I’ve never had much interest in Leon Trotsky or Trotskyism, but serious discussions by sensible people about his life, politics, rise and fall, and global impact are rare. Trotsky’s legacy has been hijacked by a myriad of kooks and cultists. This often bastardized and farcical legacy of one of the Russian Revolution’s most important figures, makes Christopher Hitchens, who identifies himself as a Trotskyist, and Robert Service talking Trotsky a gem in and of itself.
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By Sean — 5 years ago
This weeks’ Russia Magazine column, “Historical Lineages of Putin’s Russian National Identity,”
Last week, Putin delivered a speech on Russia’s national identity at the 10thannual Valdai Club meeting. Though much of the speech reiterated central concepts Putin laid out in his 2012 Presidential campaign article on ethnicity, I was nonetheless struck by his remarks. Over the last week I’ve been talking about Slavophilism, Russian national awakening, and pan-Slavism in my late Imperial Russia class. Putin’s comments resonated with some of the same questions consuming literati in the mid-nineteenth century. In particular, I couldn’t help focusing on the Slavophile moments in Putin’s text despite its rather motley nature. Moreover, I couldn’t help hear echoes of Nikolai Danilevsky’s Russia and Europe (1869). I’ve been reading about Danilevsky’s notions of circular history, the uniqueness of Russian civilization, its incompatibility with the West, and Russia’s messianic mission for a lecture on pan-Slavism. I’m not saying that Danilevsky had a direct influence on Putin. I have no idea if Putin ever read Danilevsky’s text. Nor do Danilevsky’s and Putin’s text correspond exactly. Only, I claim, that some of the issues concerning the Russian idea in the nineteenth century remain unresolved today. Namely, the nature of Russian civilization, its relationship to the West, and its particular historical development and mission. Putin’s thoughts on these fall into a deep historical tradition on the nature of Russia’s national identity and how it’s realized.Post Views: 1,470
By Sean — 11 years ago
I was hoping to get to the controversy over the new strongly suggested for the Russian classroom, Noveyshaya istoriia Rossii 1945-2006. Kniga dlia uchitelia (A Contemporary History of Russia 1945-2006. A Book for the Teacher) and Global’nyi mir v XXI veka (The Global World in the 21st Century), but time did not allow it.
Kommersant had a long article in its weekly Vlast’ magazine detailing how the texts were basically funded by the Office of the President. Among other things were orders handed down “from the administration” on how the texts should evaluate Russian historical figures. According to an anonymous co-author:
“Stalin is good (He strengthened vertical power, but there wasn’t private property); Khrushchev is bad (He weakened vertical power); Brezhnev is good by the same criteria as Stalin; Gorbachev and Yeltsin are bad (They destroyed the country, however under Yeltsin private property arose); Putin is the best ruler (He reinforced vertical power and private property)”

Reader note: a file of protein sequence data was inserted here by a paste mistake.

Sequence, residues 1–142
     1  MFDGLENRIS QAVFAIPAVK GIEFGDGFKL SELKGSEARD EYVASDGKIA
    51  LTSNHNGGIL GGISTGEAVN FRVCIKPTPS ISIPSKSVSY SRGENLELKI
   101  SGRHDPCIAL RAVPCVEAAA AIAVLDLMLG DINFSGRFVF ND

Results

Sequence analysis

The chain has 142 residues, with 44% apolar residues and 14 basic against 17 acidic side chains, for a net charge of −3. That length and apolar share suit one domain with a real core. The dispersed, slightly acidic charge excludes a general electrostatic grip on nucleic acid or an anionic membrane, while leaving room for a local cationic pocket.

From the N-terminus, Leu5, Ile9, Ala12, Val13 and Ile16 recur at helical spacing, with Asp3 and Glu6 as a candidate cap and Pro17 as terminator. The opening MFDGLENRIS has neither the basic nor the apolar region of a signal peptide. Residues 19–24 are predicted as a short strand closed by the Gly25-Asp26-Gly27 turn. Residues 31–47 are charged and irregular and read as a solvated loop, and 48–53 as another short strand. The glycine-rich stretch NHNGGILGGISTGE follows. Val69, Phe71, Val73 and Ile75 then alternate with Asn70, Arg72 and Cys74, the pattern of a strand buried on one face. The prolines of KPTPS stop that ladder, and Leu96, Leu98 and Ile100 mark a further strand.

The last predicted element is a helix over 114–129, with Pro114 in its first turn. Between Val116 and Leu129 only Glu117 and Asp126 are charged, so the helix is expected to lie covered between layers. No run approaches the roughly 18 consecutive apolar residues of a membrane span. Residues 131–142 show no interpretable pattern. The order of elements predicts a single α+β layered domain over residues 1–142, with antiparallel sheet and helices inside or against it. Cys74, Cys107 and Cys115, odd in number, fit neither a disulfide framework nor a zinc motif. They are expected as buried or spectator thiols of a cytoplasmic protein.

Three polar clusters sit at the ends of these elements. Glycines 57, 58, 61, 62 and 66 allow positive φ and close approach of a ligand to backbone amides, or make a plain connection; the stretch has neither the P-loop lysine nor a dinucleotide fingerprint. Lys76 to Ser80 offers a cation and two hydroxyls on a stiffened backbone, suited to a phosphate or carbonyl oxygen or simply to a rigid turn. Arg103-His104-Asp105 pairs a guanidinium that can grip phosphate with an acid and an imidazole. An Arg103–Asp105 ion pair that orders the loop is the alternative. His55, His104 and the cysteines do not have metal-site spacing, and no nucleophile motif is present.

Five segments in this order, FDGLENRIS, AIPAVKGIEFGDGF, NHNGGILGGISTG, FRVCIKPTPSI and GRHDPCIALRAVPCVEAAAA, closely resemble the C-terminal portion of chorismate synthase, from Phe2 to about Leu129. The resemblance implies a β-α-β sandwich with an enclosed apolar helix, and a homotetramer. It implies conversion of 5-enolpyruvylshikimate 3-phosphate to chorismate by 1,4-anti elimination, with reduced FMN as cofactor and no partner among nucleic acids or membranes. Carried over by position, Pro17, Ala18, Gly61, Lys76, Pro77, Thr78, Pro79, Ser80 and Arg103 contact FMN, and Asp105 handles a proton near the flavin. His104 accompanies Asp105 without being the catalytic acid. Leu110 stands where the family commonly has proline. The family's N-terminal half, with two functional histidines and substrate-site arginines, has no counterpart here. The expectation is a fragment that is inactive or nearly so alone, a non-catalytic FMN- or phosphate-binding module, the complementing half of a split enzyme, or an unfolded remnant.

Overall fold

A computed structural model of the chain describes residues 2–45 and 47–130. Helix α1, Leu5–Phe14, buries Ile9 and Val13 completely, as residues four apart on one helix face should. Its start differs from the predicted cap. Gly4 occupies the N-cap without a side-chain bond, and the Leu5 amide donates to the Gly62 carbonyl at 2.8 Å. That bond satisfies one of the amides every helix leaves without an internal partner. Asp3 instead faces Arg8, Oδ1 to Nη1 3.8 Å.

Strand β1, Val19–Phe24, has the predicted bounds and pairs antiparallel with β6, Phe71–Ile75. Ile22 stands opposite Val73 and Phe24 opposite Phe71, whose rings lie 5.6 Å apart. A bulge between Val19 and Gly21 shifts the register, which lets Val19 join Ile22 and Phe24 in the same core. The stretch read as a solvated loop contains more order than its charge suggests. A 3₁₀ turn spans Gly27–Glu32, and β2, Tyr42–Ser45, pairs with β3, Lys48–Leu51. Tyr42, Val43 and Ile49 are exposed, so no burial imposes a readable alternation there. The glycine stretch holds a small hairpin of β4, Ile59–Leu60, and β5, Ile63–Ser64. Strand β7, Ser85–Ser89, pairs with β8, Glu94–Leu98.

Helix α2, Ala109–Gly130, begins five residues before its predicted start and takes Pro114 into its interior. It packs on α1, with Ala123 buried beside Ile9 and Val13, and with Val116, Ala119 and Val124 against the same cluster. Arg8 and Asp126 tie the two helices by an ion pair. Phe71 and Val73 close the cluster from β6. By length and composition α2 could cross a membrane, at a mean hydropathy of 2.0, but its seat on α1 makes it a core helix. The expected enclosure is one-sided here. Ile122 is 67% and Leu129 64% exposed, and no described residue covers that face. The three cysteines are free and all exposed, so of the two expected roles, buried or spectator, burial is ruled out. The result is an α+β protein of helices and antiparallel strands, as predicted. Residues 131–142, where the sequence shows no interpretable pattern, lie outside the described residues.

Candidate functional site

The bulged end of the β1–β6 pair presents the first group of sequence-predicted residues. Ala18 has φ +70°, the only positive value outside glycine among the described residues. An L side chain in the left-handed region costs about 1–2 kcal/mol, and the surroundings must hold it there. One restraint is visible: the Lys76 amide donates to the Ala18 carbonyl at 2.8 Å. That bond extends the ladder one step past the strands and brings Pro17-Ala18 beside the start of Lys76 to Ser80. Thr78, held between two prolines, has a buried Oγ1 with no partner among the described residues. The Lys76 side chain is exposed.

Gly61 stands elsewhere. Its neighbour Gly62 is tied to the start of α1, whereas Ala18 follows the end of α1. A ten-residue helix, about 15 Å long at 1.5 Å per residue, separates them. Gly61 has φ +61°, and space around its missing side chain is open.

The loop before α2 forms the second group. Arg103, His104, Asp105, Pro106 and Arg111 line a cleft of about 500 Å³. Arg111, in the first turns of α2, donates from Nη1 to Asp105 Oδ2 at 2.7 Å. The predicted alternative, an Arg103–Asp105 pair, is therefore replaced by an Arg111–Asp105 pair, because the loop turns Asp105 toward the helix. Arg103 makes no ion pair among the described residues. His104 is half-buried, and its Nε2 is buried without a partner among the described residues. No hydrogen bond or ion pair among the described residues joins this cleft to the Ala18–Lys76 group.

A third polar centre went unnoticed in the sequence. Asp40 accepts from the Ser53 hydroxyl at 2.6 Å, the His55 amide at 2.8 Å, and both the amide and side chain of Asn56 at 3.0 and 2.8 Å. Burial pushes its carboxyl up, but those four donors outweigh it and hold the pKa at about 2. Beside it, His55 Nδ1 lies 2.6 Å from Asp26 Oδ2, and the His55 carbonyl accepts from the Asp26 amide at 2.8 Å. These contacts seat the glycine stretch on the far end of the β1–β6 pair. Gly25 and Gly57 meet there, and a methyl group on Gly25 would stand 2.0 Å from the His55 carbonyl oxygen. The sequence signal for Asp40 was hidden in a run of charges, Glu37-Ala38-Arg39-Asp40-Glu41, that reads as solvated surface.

Luckily for all of us, Robert Amsterdam has done us the best service. He’s provided a translation of two articles on the subject from Nezavisimaya Gazeta: Oleg Kashin’s “In Search of a ‘Short Course’” and “I Would Very Much not Want my Name to be Associated with this Disgrace” They lay out the necessary particulars better than I can.
The Washington Post has a long article on the controversy as well. It appears the texts take Russian historical memory further down a path I’ve thought it’s been going down under Putin: a movement away from the history produced in the 1990s which looked to damn the Soviet system in toto to one that reconciles Soviet and post-Soviet history in some sort of grand, and mostly uncritical, continuum. As russkii Karl Rove, Vladislav Surkov, told the pedagogical conference where the texts were introduced, “We must see the dark moments of history and its problems. But I presume that it would also be wrong to go as far as to completely deny the successes and achievements of our great country. . . . Without answering the questions of who we are, how we should live and what we are living for, effective political work and an effective economic system are impossible.” The answer to these questions of national identity lie in the ideological hegemony that all past roads lead to Putin, and all future ones will emanate from him.
One of the first signs of any stable state is when it endeavors to create a history of itself and for itself.
Update: Now you can also test your knowledge of Russian history. Kommersant has provided a short quiz where the answers are based on the next textbook. Test your knowledge.Post Views: 720
By Sean — 9 years ago
Nashi’s been keeping a list. There’s no need to check it twice. They know who’s been naughty and nice. In their own version of a “Komsomol Christmas,” members of the pro-Kremlin group Nashi decided make their own mockery of the holiday. But unlike their Soviet predecessors, the enemy wasn’t religion but the leaders of “most unfriendly governments” toward Russia. And which leaders received lumps of coal? According to a poll of its members, none other than Mikhail Saakashvili, Viktor Yushchenko, and George Bush.
The Nashists sent several neckties to Saakashvili “just in case he gets anxious and begins to chew on his wardrobe accessories publicly in the future.” Yushchenko got a package of coal and logs to keep him warm after Russia turns off the gas. He also got a reworked Ukrainian flag that combines the US flag, the Ukrainian blue and yellow, and a Nazi swastika. To outgoing US President Bush, Nashi sent a set of world maps with mousetraps to symbolize NATO expansion. All the presents were to be hand delivered to their respective embassies.
To all my readers, a very Мerry Christmas!Post Views: 553